Street of Dreams : Monuments: Watts' Promenade of Prominence receives laurels of its own as a new county landmark.

TIMES STAFF WRITER

Across the street from the Nickerson Gardens housing project, on the aptly named Success Street, is a sidewalk monument free of the graffiti that dirty the stop signs, houses and cars around it.

That taggers missed this stretch of sidewalk is no accident, said a neighborhood youth as he admired the 13 granite-carved plaques placed into the sidewalk. It is because they appreciate the women and men honored here.

Although far less well known than its older and larger counterpart on Hollywood Boulevard, Watts' Promenade of Prominence--which honors neighborhood heroes--has become a symbol of the possible.

And now it is a Los Angeles County historic landmark.

On Friday, about 40 community members gathered in Will Rogers State Park, which adjoins the promenade, to celebrate that designation and to enshrine Success Street's newest honoree, Dr. James A. Mays, who is a physician, poet, artist and community activist. He also established the honor court in 1988.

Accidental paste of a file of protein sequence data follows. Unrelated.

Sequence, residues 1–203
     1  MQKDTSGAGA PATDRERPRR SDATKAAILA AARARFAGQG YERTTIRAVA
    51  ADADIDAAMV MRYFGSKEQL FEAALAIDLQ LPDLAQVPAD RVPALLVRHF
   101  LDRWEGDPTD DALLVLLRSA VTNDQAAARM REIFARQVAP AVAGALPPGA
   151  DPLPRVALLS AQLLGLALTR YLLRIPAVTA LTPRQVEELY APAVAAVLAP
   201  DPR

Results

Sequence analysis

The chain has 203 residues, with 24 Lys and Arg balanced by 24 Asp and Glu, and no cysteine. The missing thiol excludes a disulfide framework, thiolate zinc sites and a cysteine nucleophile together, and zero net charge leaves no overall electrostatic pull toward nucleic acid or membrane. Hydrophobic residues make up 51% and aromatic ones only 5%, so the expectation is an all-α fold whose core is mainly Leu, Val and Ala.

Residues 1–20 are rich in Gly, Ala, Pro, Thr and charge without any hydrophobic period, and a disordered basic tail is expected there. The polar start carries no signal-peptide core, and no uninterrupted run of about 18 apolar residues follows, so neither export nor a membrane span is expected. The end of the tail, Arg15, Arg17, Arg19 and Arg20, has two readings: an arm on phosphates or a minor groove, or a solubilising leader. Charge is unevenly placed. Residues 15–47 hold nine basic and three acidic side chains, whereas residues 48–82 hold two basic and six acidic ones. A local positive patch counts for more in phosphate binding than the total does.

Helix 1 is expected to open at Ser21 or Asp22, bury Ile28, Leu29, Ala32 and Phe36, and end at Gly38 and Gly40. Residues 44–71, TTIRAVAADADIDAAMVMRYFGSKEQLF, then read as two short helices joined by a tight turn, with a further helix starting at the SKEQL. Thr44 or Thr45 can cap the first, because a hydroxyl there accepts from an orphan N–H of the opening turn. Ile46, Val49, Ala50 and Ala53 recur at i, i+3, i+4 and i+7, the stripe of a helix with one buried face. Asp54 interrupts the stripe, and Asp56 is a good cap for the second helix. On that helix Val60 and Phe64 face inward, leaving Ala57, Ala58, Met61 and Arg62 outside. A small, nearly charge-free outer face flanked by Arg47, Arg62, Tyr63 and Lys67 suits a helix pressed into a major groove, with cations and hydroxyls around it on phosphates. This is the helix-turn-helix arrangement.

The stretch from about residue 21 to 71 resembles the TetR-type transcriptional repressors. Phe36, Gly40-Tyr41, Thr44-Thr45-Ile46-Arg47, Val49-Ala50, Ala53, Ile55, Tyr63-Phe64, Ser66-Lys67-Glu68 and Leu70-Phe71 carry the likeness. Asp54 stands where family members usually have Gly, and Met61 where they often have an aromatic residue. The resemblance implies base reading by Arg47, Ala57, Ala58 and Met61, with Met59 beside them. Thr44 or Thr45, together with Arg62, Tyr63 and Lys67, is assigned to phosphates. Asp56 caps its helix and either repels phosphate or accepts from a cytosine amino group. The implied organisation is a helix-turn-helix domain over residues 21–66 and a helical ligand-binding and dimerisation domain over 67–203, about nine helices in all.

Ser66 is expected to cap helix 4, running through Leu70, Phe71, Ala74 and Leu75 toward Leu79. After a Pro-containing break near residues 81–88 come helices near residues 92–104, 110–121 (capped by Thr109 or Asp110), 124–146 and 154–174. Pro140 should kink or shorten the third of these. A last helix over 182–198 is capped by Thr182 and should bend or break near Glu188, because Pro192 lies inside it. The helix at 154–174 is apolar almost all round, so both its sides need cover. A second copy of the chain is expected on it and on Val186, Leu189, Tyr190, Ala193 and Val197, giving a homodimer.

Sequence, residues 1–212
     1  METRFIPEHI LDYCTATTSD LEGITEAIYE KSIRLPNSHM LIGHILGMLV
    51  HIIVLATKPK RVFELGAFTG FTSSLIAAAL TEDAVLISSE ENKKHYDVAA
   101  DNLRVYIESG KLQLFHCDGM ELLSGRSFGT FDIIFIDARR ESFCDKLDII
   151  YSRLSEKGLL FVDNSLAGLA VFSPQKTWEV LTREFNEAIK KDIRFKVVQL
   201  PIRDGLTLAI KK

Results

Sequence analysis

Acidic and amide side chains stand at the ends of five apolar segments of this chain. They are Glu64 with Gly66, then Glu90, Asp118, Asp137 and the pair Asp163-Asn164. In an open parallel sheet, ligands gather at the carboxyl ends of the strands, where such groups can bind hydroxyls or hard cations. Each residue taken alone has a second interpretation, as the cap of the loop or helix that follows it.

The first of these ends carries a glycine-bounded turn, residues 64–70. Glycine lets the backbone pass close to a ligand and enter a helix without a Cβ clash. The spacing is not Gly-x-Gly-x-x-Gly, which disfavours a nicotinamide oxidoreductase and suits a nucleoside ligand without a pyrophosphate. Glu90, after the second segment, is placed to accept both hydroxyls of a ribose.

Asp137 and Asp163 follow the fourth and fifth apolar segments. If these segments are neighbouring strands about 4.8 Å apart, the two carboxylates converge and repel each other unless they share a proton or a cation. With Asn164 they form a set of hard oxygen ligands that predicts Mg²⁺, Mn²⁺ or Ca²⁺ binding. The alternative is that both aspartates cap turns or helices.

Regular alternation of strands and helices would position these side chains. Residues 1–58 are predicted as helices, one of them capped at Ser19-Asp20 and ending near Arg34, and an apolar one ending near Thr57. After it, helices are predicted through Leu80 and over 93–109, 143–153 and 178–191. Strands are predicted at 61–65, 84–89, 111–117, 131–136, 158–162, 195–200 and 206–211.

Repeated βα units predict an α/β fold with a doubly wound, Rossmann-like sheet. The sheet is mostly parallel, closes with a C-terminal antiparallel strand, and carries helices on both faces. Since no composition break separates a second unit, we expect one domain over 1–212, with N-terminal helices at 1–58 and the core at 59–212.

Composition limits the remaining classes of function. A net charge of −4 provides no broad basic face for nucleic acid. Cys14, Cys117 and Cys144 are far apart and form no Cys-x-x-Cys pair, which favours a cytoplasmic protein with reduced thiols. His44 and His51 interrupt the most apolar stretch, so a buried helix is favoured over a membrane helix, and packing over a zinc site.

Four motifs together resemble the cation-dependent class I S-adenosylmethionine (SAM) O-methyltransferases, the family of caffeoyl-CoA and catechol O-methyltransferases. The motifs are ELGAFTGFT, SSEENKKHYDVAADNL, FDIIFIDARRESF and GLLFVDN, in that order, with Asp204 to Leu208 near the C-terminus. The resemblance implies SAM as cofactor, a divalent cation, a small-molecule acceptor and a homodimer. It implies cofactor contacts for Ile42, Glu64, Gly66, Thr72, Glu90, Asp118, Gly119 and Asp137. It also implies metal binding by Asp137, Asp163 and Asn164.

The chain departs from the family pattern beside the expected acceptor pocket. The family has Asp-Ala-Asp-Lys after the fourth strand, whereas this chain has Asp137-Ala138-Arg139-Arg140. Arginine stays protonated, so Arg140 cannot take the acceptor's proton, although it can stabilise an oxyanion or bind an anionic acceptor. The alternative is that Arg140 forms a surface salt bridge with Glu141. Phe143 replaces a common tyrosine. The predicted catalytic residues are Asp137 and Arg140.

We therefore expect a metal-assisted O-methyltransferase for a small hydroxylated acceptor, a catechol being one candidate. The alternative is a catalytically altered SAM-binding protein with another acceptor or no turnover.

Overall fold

"This is history," Mays said, nodding to the heart-shaped monument that features his name and picture as well as the words Cardiologist-Writer.

"The developers could come and take all this land tomorrow, but they can't take this piece of granite away."

Mays said he started Watts' version of the Walk of Fame after realizing that the area needed a shot of confidence after gaining a national reputation as a symbol of a neglected community. Mays said he is trying to turn that perception around by establishing similar sidewalk monuments in cities nationwide.

The cities of Lynwood, Inglewood and Compton already have them, and one is coming soon to the Crenshaw Plaza shopping center, Mays said.

Honorees in Watts' promenade range from the famous--Supervisor Kenneth Hahn and then-Assembly-woman, now-U.S. Rep. Maxine Waters--to strictly local heroes, such as community activists Edward Lara and Edna Aliwine.

Mays also founded the national Adopt-A-Family Endowment, created a comic book series with a black hero and authored eight novels. In addition to serving on the board of several medical foundations, Mays also operates three community clinics in South Los Angeles that serve low-income residents who have little access to health care services.

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